On Sunday the BBC broadcast and published a documentary that examined Amazon’s dominance of UK retail. The text version of the piece led with a startling claim:
On average, every person in Britain spends just over £70 a year on Amazon. That’s more than half the country’s entire online retail spend. It’s an impressive result for a business started on a couple of computers exactly 20 years ago.
This is quite the newsworthy story, but when I went to confirm the story and find details which would put it into perspective I ended up with new information that made me doubt whether the BBC is correct.
Update: And I just received confirmation that this detail was not correct:
@thDigitalReader You’re right. We misread info we got from ONS – then thought they’d confirmed our line. Have asked for cut. Thank you.
— Charles Miller (@chblm) April 24, 2014
According to The Independent, Amazon’s revenues for 2013 were under £5 billion:
Analysts said Britain’s biggest online retailer was feeling the squeeze as traditional players such as John Lewis and Dixons raised their game — particularly with “click and collect” services.
Accounts filed by the US parent company show Amazon’s UK sales were $7.29 billion (£4.46 billion) — a rise of around $800 million on a year earlier. British revenues rose by $1 billion to $6.48 billion in 2012 and by $1.4 billion to $5.35 billion in 2011.
Depending on your perspective, that could be a large sum. But before I posted I went looking for details on the overall retail spending in the UK, which I thought would present a useful perspective on Amazon’s share of UK retail.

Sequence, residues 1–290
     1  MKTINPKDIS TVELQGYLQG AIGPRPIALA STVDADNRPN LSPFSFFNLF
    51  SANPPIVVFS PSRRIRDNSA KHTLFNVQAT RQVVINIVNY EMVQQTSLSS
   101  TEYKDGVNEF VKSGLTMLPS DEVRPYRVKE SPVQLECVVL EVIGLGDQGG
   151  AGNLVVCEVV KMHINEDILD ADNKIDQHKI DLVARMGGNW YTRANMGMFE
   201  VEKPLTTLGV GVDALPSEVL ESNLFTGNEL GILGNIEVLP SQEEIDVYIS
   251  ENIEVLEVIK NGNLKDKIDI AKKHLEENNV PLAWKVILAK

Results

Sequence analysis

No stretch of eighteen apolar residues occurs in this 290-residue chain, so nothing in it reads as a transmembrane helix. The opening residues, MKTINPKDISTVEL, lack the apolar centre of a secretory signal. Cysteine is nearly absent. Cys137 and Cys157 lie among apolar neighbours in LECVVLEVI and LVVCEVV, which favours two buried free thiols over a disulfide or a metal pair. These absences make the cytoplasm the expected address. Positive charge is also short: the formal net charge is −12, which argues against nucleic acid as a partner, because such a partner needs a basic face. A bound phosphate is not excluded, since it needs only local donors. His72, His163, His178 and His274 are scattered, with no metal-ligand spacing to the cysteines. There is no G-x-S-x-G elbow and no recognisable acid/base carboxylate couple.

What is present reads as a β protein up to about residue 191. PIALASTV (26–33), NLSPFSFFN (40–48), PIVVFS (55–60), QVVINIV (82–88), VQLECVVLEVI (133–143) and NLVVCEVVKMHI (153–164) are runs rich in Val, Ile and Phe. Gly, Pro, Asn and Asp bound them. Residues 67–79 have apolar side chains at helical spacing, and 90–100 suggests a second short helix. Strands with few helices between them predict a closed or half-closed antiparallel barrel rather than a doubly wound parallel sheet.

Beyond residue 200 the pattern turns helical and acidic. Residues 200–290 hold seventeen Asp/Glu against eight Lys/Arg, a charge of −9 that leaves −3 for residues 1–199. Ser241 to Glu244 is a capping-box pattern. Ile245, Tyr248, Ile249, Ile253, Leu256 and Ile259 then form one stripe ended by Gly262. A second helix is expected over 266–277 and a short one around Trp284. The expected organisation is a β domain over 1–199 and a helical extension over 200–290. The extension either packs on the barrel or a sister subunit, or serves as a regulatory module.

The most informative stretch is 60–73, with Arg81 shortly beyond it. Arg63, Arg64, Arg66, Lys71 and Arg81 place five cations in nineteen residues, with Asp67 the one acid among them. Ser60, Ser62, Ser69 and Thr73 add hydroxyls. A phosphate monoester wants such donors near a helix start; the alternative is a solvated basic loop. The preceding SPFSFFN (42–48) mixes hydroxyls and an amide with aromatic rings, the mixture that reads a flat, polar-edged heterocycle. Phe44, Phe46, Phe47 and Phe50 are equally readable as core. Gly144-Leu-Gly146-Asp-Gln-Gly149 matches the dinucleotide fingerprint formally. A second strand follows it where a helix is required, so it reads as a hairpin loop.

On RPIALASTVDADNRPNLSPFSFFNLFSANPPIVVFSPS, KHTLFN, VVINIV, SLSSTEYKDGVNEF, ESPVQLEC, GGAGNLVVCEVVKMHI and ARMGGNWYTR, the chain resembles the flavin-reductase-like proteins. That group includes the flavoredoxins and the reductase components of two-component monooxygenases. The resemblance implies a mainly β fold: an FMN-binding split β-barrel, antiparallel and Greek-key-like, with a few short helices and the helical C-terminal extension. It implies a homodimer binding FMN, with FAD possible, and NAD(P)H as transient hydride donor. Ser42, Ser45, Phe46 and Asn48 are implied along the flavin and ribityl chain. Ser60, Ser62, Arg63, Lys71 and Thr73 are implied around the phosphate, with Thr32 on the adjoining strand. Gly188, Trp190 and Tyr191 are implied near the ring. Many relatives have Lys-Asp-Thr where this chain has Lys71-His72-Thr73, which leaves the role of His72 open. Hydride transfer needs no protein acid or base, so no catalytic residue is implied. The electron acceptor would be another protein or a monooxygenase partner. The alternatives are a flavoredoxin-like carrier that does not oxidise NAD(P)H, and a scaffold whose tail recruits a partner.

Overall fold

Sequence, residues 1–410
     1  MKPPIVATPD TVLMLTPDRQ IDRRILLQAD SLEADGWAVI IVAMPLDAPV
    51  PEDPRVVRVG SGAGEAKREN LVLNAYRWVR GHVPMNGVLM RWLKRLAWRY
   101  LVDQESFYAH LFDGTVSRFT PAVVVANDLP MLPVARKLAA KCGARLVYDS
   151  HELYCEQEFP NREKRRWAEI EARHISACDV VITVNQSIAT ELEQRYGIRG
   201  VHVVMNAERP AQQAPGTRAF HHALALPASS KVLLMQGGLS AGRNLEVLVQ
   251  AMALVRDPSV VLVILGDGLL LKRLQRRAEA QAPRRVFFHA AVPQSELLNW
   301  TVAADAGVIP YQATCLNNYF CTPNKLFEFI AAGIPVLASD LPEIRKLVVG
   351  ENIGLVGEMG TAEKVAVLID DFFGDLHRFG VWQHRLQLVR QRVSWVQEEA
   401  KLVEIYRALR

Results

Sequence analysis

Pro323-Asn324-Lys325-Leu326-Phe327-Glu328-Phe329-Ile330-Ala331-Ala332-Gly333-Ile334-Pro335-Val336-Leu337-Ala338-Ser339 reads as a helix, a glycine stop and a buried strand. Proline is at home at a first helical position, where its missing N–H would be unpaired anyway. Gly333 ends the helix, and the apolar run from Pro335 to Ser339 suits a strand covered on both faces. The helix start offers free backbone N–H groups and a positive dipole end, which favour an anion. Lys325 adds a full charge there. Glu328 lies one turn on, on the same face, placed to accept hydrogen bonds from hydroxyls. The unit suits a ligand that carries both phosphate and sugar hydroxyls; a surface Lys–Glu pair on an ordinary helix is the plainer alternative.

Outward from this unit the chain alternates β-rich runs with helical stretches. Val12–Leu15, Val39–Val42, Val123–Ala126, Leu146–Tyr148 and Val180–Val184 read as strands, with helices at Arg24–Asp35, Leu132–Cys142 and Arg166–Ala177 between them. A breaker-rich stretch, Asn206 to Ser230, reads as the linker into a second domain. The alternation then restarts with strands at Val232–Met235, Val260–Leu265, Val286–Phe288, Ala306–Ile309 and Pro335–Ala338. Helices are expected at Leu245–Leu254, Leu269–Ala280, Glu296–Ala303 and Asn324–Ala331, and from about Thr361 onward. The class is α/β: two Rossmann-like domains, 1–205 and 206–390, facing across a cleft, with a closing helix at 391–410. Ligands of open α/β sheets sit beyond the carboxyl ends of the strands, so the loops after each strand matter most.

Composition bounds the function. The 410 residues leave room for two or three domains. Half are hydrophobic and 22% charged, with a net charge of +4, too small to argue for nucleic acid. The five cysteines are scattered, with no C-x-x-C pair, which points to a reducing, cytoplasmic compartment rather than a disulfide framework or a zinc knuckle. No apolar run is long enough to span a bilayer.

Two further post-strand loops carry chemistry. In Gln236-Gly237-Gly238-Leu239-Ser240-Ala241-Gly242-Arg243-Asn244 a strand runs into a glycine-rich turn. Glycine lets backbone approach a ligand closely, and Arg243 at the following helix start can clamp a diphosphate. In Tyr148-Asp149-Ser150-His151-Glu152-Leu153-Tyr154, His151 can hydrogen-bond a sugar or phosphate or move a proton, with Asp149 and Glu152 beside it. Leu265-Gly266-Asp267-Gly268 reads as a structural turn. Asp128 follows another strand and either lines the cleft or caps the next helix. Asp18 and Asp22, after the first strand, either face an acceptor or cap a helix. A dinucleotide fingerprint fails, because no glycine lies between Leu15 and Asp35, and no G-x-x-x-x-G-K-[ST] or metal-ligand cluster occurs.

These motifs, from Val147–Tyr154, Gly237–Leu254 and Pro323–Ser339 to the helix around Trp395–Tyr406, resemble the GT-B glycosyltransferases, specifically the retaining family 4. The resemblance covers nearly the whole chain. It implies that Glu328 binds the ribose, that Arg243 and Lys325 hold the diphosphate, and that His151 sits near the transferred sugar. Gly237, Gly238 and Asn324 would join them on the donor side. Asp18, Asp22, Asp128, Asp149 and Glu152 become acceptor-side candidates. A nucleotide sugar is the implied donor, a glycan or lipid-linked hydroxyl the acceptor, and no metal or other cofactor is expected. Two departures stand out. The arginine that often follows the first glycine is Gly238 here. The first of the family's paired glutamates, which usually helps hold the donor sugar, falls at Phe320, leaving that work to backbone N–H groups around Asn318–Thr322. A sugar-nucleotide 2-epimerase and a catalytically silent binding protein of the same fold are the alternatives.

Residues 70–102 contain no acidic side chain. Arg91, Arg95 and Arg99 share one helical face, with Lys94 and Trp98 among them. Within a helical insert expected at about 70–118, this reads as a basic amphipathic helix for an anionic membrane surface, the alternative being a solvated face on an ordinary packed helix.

I was aiming for a post similar to the one I wrote on Friday which compared Amazon’s revenues to other US retailers, but instead I ended up with information that lead in a completely different direction.
According to the latest estimates, online retail in the UK were a lot larger than the BBC would have you believe:
UK shoppers spent £91bn online in 2013, according to new figures.
The internet retailing market grew by 16% during the course of the year, according to the IMRG-Capgemini eRetail Sales Index for December. It was capped by a final month in which online sales rose by 18%, with £11bn spent up from £9bn in December 2012. Twice as much was spent via mobile devices as was spent using them in December 2012. The figures beat IMRG’s original estimate, last January of 12% growth.
The BBC said that Amazon accounts for “more than half the country’s entire online retail spend”. I’m sorry, but that just doesn’t add up. There isn’t even any way to massage the numbers and make that statement come out true.
Does anyone have a clue as to why the numbers don’t add up?
I will admit to being baffled.